Steve Jobs, the cult of Apple, returned after a liver transplant in July time frame. Once again, he is managing even the smallest details of his company’s products, this time focused on a new Tablet device.
As we reported Earlier, Apple plans to launch two variants of the Tablet device.
Since his return in late June, the 54-year-old has been pouring almost all of his attention into a new touch-screen gadget that Apple is developing, said people familiar with the situation.
Those working on the project are under intense scrutiny from Mr. Jobs, particularly with regard to the product’s advertising and marketing strategy, said one of these people. The people familiar with the matter declined to give details on the tablet or disclose when the device would come out.
Apple staffers have faced Jobs’ scrutiny after a period of freedom over product strategy during his leave. “People have had to readjust” to his presence, noted the Journal, quoting a person familiar with the matter.
Mr. Jobs, in an email, said “much of your information is incorrect,” but didn’t provide specifics. A spokesman for Apple, Cupertino, Calif., declined to comment.
Mr. Jobs’s involvement is a sign of how important the new gadget is for Apple. In the months before Apple launched the iPhone in 2007 — now its fastest-growing product — the CEO was also on top of every detail, such as the curvature of the phone’s back, said people familiar with the matter.
Since then, Apple has updated several of its product lines, including the iPhone and its Macintosh laptops, but hasn’t launched an entirely new category. And while the company has recently posted a string of strong quarterly earnings, growth in some of its once hot devices, such as the iPod, has slowed.
s rumors of an Apple tablet PC reach a fever pitch, a new research note by Piper Jaffray suggests that any such device would be a significant revenue generator and drastically affect the market for mininotebooks, also known as netbooks.
The Aug. 7 report, written by analyst Gene Munster along with analysts Michael Olson and Andrew Murphy, predicts that Apple will roll out “a touch-screen device similar to an iPod Touch but larger.”
The report stated, “We spoke with an Asian component supplier that has received orders from Apple for a touch-screen device to be fulfilled by late . This data point underscores our thesis that a tablet will likely launch in early .”
Piper Jaffray has been steadily beating the drum for months about the prospect of an ultraportable Apple tablet PC. In May, the research company issued a report suggesting that the tablet would feature a 7- to 10-inch screen and retail for between $500 and $700, effectively filling a strategic gap for Apple between the iPod Touch and its low-end Mac desktops.
The Aug. 7 report reiterates those points, and suggests, “Apple will target the netbook market with its new device.”
“We believe an Apple tablet would be priced 30 to 50 percent below the $999 MacBook, and would offer best-in-class Web, e-mail and media software. In other words, we believe Apple’s tablet would compete well in the netbook category even though it would not be a netbook.”
Apple hasn’t made any public statements about Mr. Jobs’s health since he returned to work in late June, but the CEO has come into headquarters two or three days a week as the company had previously disclosed.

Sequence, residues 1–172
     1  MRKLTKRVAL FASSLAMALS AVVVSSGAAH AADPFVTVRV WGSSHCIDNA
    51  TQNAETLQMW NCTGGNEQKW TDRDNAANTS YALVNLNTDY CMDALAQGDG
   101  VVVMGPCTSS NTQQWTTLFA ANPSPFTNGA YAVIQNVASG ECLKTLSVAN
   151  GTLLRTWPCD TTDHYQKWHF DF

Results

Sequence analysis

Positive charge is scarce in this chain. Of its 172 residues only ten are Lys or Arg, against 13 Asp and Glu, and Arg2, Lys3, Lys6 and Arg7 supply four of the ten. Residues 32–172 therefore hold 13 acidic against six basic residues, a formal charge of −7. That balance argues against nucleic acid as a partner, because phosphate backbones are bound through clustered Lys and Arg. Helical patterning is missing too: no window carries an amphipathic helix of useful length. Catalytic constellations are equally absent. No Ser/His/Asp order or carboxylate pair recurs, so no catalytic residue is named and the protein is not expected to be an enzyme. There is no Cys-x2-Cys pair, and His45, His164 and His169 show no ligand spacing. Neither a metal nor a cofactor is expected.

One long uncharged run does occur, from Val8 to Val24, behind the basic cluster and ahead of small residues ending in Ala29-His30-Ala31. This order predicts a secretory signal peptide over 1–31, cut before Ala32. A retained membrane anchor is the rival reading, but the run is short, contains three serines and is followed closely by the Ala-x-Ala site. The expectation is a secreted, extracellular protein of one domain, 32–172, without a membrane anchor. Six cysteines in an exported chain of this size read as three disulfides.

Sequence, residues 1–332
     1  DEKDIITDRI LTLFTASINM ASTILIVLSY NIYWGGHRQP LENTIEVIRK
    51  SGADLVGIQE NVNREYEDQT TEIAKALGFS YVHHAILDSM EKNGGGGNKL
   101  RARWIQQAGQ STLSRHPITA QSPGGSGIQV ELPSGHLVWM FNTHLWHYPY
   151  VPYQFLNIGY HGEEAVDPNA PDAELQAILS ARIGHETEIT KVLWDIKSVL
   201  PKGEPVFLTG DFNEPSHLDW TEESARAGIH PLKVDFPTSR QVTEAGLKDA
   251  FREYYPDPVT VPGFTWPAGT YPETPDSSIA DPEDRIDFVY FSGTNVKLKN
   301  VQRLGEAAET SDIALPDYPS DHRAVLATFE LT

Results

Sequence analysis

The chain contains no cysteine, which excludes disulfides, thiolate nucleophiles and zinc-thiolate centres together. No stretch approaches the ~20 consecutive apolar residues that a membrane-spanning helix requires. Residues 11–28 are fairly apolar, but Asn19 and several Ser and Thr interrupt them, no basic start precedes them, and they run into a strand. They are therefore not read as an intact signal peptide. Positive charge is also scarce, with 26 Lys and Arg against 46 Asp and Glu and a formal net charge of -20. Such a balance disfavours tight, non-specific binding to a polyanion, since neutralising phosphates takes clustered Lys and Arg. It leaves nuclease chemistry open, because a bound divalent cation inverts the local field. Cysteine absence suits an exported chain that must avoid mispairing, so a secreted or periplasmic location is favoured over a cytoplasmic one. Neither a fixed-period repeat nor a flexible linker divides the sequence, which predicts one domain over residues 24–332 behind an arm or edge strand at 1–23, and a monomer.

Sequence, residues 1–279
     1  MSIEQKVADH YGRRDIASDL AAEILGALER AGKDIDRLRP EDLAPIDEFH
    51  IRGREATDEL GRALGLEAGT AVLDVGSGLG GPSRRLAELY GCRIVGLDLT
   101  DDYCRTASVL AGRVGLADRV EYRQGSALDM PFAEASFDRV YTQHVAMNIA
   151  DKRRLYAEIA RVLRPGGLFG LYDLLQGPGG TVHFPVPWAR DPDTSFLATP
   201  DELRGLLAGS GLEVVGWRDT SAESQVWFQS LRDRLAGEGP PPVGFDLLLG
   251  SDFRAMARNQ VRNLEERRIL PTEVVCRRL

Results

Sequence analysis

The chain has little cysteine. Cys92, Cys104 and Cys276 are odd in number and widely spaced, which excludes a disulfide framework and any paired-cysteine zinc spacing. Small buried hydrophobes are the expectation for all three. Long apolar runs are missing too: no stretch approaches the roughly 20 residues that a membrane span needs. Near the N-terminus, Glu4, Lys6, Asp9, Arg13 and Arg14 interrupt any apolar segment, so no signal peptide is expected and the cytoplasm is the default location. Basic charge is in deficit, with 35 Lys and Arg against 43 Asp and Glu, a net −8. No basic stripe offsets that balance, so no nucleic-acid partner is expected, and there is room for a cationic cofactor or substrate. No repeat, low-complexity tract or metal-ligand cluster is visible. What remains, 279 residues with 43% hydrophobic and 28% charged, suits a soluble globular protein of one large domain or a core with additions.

People close to Apple said Mr. Jobs is still thin as he recovers from the liver transplant, but his health has improved significantly.
Tablet PCs have been around since earlier this decade when Microsoft Corp. launched an operating system for such devices. The gadgets, which typically resemble a laptop, were supposed to make computing more natural with a touch-screen that can be controlled with a stylus or finger.
Despite attempts by manufacturers like Toshiba Corp., Hewlett-Packard Co. and Fujitsu Ltd., the market didn’t take off as the devices were too expensive and didn’t offer additional features. According to research firm IDC, tablets comprise about 1.4% of the global portable PC market.
At Apple, a tablet-like device has been many years in the making. Apple filed a patent related to a tablet device as early as 2000, according to a Thomson Reuters patent database.
But development has come in fits and starts. Mr. Jobs killed the project twice in recent years, the first time because the battery life was too short, and the second time because there was insufficient memory, said one of the people familiar with the matter.
Though Apple doesn’t discuss future products, many analysts expect its tablet to be a multimedia device that will let people watch movies and television shows, play games, surf the Internet and potentially read electronic books and newspapers.
It is not clear whether the device will run the full Macintosh operating system or a version of the iPhone operating system. Apple watchers expect the tablet to debut at the end of this year or early next year.
Analysts say how well an Apple tablet sells will depend on price, which most believe will be between $399, the price of a high-end iPod touch, and $999, the price of the cheapest MacBook laptop.
“As devices become more expensive, your ability to make them mass market declines,” said Toni Sacconaghi, an analyst with Sanford C. Bernstein & Co.
The popularity of cheap and light computers under $500 known as netbooks has pressured Apple to come out with a device in a similar price range.
But as recently as last October, Mr. Jobs rejected the idea of a cheaper computer in an earnings call, saying, “We don’t know how to make a $500 computer that’s not a piece of junk.”